The Encore Theatre makes 'Little Women' a better show
Photo by Colleen Meyer
During these icy, dead-of-winter days, an invitation into the threadbare but cozy home of the March family - the center of Louisa May Alcott’s beloved novel “Little Women,” the stage musical version of which is now playing at Dexter’s Encore Theatre - can feel like the theatrical equivalent of fresh-from-the-oven comfort food.
This is especially true if you grew up reading Alcott’s book (as I did), and thus have the mini-dramas that occur between the four coming-of-age March sisters tattooed on your brain.
Tellingly, it’s far more useful to describe the story in terms of the sisters’ different personas than to attempt a synopsis regarding what exactly happens. Meg (Thalia Schramm) is the good-hearted, romantic oldest sister; Jo (Katie Hardy) is the strong-minded, outspoken proto-feminist with dreams of becoming a writer; Beth (Cara AnnMarie) is the quiet, sweet, and patient sister; and Amy (Madison Deadman) is the jealous, petulant youngest sister who longs for the finer things that her family can’t afford.
Benevolently watching over them all, while the girls’ father is embroiled in the Civil War, is Marmee (Sonja Marquis), as well as Laurie (Sean Widener), the well-to-do young man next door who becomes Jo’s best friend.
The March sisters’ stories are domestic and small in scale, not the stuff of high drama, and for this reason, Allan Knee’s book for “Little Women” struggles to fully capture the events’ emotional punch while also squeezing in the book’s major highlights. Moments like Amy’s torching of Jo’s writing portfolio, for example, feel as harrowing as a murder in Alcott’s book; yet in the musical, the act is reduced to an impetuous act of bitterness that results in a temporary spat between sisters. (Therein lies the inherent difficulty of adapting coming-of-age novels for the stage; life’s little day-to-day dramas tend to shrink even more when they’re reduced to plot points.)
Also, Jason Howland’s music and Mindi Dickstein’s lyrics are generally bland and wholly forgettable.
Yet in many ways, Encore’s production impressively transcends the material. The intimacy of the venue works wonders, in that it invites the audience to lose themselves within the March family's warm, insular world; and the performances, guided by director Steve DeBruyne, are generally terrific.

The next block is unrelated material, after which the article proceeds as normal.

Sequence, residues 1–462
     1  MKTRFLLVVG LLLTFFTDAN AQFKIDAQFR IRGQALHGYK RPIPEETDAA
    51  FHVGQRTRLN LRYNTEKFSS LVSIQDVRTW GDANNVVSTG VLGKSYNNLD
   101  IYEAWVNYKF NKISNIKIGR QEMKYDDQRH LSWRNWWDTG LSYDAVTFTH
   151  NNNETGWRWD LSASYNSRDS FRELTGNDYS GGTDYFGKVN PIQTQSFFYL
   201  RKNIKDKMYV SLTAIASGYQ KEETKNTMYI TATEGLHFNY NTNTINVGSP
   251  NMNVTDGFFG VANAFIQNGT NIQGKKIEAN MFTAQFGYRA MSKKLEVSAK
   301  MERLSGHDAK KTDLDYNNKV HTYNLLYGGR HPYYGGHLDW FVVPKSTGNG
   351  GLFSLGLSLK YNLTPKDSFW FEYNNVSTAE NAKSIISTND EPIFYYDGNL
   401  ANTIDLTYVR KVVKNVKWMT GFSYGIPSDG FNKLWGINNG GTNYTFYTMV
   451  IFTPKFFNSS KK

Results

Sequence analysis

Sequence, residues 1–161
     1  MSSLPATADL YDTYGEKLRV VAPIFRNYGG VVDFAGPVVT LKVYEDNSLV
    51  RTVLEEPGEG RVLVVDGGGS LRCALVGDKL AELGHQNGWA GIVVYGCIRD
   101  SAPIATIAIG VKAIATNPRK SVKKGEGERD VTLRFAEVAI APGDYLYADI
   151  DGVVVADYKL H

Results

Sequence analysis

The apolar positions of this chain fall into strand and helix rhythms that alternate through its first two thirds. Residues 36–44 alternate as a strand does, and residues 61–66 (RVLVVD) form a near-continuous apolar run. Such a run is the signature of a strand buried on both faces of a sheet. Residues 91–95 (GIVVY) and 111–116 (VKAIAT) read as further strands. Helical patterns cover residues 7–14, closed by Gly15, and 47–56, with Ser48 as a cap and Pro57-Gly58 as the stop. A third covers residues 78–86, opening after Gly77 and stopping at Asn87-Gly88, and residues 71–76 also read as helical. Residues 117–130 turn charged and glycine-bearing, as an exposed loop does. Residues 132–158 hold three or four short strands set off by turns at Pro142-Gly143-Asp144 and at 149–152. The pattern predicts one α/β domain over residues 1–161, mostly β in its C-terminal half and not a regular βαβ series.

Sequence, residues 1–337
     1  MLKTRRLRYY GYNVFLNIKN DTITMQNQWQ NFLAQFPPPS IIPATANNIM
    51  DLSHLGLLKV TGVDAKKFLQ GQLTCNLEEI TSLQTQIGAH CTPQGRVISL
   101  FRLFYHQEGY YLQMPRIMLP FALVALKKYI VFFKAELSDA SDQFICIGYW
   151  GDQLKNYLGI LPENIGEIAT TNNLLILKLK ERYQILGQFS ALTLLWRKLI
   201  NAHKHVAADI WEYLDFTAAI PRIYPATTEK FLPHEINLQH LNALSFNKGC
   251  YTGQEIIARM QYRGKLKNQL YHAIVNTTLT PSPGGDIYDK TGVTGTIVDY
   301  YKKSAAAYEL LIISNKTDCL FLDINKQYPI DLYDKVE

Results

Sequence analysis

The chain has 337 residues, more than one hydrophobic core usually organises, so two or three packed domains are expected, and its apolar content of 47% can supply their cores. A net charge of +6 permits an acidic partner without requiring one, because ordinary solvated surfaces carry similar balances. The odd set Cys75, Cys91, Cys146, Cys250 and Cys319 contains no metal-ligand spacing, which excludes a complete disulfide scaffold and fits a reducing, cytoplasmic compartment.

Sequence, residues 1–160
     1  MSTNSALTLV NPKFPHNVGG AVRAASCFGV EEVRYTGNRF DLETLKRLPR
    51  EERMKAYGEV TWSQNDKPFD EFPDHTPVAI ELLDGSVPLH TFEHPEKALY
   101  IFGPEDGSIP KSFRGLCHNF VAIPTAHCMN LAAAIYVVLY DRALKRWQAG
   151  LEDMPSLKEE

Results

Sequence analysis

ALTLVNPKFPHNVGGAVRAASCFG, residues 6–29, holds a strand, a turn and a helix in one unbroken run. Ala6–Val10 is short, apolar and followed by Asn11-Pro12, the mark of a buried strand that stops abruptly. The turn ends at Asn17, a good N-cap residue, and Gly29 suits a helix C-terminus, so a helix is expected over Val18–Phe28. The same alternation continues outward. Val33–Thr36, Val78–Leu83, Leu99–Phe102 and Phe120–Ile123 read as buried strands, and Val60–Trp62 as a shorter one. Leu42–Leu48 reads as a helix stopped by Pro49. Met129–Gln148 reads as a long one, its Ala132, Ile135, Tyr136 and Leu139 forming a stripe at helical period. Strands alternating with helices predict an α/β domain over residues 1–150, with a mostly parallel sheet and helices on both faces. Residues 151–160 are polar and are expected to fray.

In several cases, for instance, the actors make a mediocre song powerful, simply by virtue of letting the emotion behind it drive the words. This applies to Marquis’ “Here Alone,” Widener’s “Take a Chance on Me,” Hardy’s “Astonishing,” DeBruyne (as Laurie’s tutor, John Brooke) and Schramm’s “More Than I Am,” and Rusty Mewha’s “How I Am.” (Mewha and Hardy also more than deliver on one of the show’s better songs, “Small Umbrella in the Rain.”) In lesser hands, these songs would merely be speed bumps, but DeBruyne’s cast makes them, well, sing.
This also indicates how well DeBruyne has cast (and staged) the show. The sweet, clear quality of AnnMarie’s voice is a glove-perfect fit for Beth, for example; and I’d defy anyone to find a better Jo than Hardy, who makes the potentially grating character both appealing and complex.
In terms of technical elements, Colleen E. Meyer’s fabulous costume design deserves special mention, as does Leo Babcock’s economic set design, paired with Jennifer Colby’s props. Music director Jill Quagliata presides over “Little Women”’s tight, four-person orchestra, while Cara Manor provides appropriately light-touch (given the venue and tone) choreography.
So right now at Encore, you can witness an occasion wherein a director and his team, both on-stage and off-, have made a show better than it actually has any right to be - thus proving beyond a doubt that the people involved in each production of a show are ultimately the ones who make or break it.